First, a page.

Nigerians, down from about 20,000 three years ago. Of this number, 2,000 are estimated to be
academic professionals—academic staff in universities, doctors, attorneys, etc. No hospital
would function in Atlanta area, or in any part of the United States for that matter, without
Nigerian healthcare workers: doctors, nurses, nurse aids, therapists, laboratory technicians, etc.
This, then, is the brain drain. Different African countries experienced the brain drain
phenomenon at different times and to different degrees, but the impacts have been similar. It
has been said that, altogether, the developing world lost at least a third of its professionals to
the developed world. It has also been said, arguably, that these were the best “brains” from
these countries. In a study of the African Diasporas in Europe, the North-South Center of the
Council of Europe surmised that smaller, dysfunctional countries lost more than politically
stable countries.14 In any case, it may be unfair to think that the ones who emigrated were the
only “best minds” because of the implication of such thoughts on those that remained.
Moreover, there was brain drain and there was “brain death,” the latter being where
professionals emigrated but couldn’t find jobs in their profession. According to the North-South
Center study, a concrete example is a significant number of Africans, such as engineers,
accountants, and lawyers, who end up performing jobs “far below their qualification and
intellectual capacity. They become taxi drivers or perform poorly paid manual jobs in working
conditions that are far from congenial, and thereby become de-skilled.”15 Many Nigerians were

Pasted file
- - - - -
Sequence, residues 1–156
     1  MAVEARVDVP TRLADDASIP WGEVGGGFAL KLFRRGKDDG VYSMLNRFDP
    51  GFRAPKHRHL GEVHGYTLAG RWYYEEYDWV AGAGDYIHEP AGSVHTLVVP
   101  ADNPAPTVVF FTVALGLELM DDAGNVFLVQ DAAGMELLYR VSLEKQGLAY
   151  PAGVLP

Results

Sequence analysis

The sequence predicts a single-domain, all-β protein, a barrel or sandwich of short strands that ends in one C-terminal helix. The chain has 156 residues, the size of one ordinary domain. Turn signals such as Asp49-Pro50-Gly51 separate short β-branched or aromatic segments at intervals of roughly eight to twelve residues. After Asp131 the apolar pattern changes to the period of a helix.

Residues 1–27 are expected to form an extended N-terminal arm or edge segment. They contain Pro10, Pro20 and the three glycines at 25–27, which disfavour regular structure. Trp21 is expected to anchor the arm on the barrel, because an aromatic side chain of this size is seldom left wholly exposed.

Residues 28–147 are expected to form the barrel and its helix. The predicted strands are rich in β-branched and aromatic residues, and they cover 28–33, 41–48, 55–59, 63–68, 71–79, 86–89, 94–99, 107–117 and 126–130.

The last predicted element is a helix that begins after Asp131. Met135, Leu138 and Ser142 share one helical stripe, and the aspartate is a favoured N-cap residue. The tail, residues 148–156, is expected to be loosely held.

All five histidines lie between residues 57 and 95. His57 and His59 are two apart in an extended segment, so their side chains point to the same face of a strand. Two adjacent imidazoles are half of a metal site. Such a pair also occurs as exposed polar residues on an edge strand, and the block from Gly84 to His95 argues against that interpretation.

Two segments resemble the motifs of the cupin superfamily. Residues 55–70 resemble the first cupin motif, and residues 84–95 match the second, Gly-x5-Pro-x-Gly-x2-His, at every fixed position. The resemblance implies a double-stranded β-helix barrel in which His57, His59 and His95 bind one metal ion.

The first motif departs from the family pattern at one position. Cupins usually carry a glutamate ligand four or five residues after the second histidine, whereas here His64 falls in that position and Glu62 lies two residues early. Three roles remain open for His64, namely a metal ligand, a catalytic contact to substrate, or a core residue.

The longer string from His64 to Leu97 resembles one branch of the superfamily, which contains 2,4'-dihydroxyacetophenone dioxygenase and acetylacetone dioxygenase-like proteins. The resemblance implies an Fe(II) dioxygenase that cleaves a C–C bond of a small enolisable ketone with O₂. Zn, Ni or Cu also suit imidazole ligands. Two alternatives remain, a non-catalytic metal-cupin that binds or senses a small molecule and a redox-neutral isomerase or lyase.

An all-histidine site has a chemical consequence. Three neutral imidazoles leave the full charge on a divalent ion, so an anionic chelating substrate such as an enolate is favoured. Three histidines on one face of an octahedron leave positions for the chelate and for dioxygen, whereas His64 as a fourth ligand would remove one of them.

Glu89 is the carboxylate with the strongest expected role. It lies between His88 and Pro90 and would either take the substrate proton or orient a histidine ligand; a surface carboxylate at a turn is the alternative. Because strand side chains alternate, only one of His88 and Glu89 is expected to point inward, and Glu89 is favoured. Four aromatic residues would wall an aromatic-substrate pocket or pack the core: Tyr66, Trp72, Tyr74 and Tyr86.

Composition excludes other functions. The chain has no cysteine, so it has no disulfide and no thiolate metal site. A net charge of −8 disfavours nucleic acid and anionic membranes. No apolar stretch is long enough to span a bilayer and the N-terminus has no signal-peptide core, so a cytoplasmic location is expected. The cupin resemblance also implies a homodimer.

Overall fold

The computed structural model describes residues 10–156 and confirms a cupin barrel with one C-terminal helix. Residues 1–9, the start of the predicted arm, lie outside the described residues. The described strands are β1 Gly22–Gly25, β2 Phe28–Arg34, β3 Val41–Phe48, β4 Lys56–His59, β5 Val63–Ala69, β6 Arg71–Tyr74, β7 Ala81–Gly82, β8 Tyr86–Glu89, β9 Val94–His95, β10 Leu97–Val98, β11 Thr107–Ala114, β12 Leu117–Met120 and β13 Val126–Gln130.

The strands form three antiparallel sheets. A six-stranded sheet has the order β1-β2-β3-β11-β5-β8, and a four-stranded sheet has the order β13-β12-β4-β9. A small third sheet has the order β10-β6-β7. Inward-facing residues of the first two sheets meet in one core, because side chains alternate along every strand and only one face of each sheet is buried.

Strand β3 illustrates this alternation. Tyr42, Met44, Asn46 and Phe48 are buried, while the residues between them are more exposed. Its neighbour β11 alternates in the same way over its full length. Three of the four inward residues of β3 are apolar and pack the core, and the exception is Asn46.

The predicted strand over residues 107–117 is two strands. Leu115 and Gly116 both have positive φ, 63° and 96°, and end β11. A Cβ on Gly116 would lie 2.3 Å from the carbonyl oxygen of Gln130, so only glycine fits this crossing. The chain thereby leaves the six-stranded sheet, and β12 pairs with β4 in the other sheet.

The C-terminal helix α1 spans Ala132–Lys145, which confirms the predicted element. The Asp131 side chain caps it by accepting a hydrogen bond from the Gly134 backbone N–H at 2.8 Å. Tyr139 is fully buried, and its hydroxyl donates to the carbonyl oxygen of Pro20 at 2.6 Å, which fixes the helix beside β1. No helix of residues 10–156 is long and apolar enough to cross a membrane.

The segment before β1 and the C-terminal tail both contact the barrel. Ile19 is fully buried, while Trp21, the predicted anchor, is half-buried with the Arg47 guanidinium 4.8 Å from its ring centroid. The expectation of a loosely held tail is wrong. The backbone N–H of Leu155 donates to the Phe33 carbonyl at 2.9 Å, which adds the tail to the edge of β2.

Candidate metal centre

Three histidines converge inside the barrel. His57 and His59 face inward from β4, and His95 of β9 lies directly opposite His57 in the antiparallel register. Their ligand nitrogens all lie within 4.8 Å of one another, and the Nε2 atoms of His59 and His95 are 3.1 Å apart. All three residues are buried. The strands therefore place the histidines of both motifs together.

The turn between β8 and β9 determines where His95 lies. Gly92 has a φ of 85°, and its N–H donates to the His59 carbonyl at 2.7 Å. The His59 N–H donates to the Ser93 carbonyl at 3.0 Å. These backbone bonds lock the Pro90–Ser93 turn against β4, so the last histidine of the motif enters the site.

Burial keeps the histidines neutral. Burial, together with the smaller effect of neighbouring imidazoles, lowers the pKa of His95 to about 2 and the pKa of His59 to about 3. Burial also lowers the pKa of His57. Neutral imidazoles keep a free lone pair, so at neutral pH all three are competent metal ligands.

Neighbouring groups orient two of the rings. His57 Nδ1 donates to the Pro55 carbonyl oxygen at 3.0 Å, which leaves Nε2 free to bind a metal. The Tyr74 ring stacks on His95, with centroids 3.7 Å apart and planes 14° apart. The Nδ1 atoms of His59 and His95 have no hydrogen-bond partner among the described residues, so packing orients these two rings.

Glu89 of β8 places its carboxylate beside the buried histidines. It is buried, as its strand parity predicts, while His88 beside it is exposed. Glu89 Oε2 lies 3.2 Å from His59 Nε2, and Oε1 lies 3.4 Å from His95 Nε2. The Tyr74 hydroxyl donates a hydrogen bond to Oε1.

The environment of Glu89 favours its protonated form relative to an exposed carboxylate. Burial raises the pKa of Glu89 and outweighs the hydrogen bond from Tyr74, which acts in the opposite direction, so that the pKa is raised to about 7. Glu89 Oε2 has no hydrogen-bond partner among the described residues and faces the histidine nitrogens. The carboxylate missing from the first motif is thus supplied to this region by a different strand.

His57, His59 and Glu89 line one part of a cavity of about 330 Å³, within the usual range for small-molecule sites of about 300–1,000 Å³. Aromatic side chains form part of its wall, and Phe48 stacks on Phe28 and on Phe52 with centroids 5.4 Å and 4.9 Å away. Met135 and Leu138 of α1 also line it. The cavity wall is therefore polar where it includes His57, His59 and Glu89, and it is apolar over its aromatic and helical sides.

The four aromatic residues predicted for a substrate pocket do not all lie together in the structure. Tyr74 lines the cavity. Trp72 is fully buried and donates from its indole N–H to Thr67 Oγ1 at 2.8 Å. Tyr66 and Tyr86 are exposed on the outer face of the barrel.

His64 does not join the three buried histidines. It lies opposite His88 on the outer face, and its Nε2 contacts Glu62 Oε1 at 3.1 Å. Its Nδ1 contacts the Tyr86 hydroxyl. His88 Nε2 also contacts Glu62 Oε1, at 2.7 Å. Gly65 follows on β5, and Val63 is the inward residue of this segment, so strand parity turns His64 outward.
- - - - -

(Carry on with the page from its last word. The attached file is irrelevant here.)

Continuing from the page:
in this category; many of the taxi drivers who service the Atlanta airport hold higher degrees,
and there could be Ph.D. degree holders among them.
North-South Center, “Social Remittances of the African Diaspora in Europe: Case Studies of Netherlands and
Portugal,” North-South Center of the Council of Europe, n.d.
North-South Center, Social Remittances,” p.16.
President Olusegun Obasanjo probably struck a balance in articulating the relative
significance of the brain drain and the professionals who remained at home. In a speech he
delivered at the inaugural conference in Atlanta that produced NIDOA, President Obasanjo
Many of our best men and women, for lack of opportunity and challenge at
home, have had to work outside our shores. We should challenge them to return
by putting in place the conducive atmosphere and the tools, with which they will
be able to give this country the full benefit of their education, training and
experience. I recognize that just as there are good and bright Nigerians abroad,
there have remained many at home who have persevered. I salute them and
assure them that their sacrifice, perseverance and tenacity will be recognized
and rewarded by a grateful nation.16
The history of Nigerians in Diaspora is not yet written. However, there have been
studies of several aspects of this history, including those that have examined Nigerian religious
movements in the Diaspora;17 hometown, ethnic and old student associations in the Diaspora;18
and remittances by members of the Nigerian Diaspora to the home country.19 But the history of
Nigerians in Diaspora is begging to be written. There are unique, individual stories and
experiences that must be recorded for posterity.
Olusegun Obasanjo, cited in “Assets in Diaspora,” p.220
See Jacob Olupona and Regina Gemignani, Eds. African Immigrant Religions in America. New York: NYU Press,
See Hakeem Tijani, “Forging a Link: Diaspora Development Activities for the Homeland: The Case of Eko Club
International,” Journal of Global Initiatives, Vol. 3, No. 1, 2008; Ola Uduku, “The Socioeconomic Basis of a Diaspora
Community: Igbo Bu Ike,” Review of African Political Economy, Vol. 29, No. 92, Africa, the African Diaspora and
Development (June, 2002), pp. 301-311; Lilian Trager, “Home-town Linkages and Local Development in
Southwestern Nigeria: Whose Agenda? What Impact?” Africa: Journal of the International African Institute, Vol. 68,
No. 3, The Politics of Primary Patriotism (1998), pp. 360-382.
See Una Okonkwo Osili, “Migrants and Housing Investments: Theory and Evidence from Nigeria,” Economic
Development and Cultural Change, Vol. 52, No. 4 (July, 2004), pp. 821-849; Rachel R. Reynolds, “An African Brain